ORIGINAL REPORTING: A Long Term Strategy To Reach Zero Carbon Is Emerging
‘No regrets’ approach to big batteries, green hydrogen and grid reliability urgently needed, analysts say; Uncertainty and opportunity in the Biden administration’s infrastructure and climate bill incentives challenge regulators and utilities to plan smarter.
Herman K. Trabish, January 31, 2023 (Utility Dive)
Editor’s note: Although stakeholders and vested interests continue to try to force the logic of their technologies forward, investors and federal agencies continue to focus on building wind, solar, batteries, and transmission and study the spectrum of other possibilities.
While they are potential key resources of a net zero emissions energy sector, advanced long-duration battery technologies and green hydrogen generated from water with clean energy face perplexing uncertainties.
First, they may not be ready until the late 2030s and early 2040s, global consultant DNV said Oct. 13. Or Form Energy’s 100-hour battery systems will see “broad commercialization” by 2024, as the company said Dec. 22, and green hydrogen will “play a major role in global emissions reductions by 2030,” as reported by RMI Oct. 11.
Second, that uncertainty may be amplified by significant long-term incentives for both resources in 2022’s Inflation Reduction Act, or IRA and 2021’s bipartisan infrastructure law as well as the just-released national transportation decarbonization plan, analysts said. RH2 and battery providers are seeking the new billions available in the legislation, with either potentially winning overlapping opportunities.
The incentives “are shifting possibilities” for long-duration energy storage, or LDES, technologies “like Form Energy’s battery and green hydrogen” that can meet extended system outages, said American Clean Power Association, or ACP, Vice President, Energy Storage, Jason Burwen. But “neither has been deployed at grid scale yet, which makes this a horse race between two hypotheticals,” he added.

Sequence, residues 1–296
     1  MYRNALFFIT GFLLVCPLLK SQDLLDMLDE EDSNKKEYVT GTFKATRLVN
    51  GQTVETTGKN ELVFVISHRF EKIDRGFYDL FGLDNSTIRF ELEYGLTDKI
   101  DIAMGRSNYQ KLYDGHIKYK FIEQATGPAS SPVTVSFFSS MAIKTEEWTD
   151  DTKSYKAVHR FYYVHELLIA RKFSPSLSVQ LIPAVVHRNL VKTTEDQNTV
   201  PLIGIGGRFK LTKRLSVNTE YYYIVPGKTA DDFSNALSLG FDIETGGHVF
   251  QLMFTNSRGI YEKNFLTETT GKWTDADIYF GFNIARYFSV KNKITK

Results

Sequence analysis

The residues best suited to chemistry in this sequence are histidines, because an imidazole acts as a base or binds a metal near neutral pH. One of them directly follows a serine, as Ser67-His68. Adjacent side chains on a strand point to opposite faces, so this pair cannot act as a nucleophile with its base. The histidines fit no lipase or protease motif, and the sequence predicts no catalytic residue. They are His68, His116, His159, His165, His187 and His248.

But there are ways advanced batteries and renewables-generated hydrogen, or RH2, could be synergistic with each other or with other clean firm resources in a post-2030 power supply, utility planners and energy sector analysts agreed. Clean firm energy technologies will be needed for a “zero-carbon grid,” but both advanced batteries and RH2 seem to have advantages and disadvantages, and “there’s a future where each finds a niche role in the market,” said Energy Plus Environmental Economics, or E3, Senior Partner Arne Olson. “It only seems now like a race because it is not possible to know which will fit the energy mix best in 20 years,” he added.
The general consensus, that lithium-ion, or li-ion, batteries are the answer now for light-duty electric vehicles, and RH2 is heavy industry’s best clean energy option, leaves the LDES future in the power sector uncertain, analysts said. But LDES will be vital at high levels of variable renewables and regulators and utilities can apply a “no-regrets” planning strategy now to ensure a reliable, least-cost future power system, they added… click here for more
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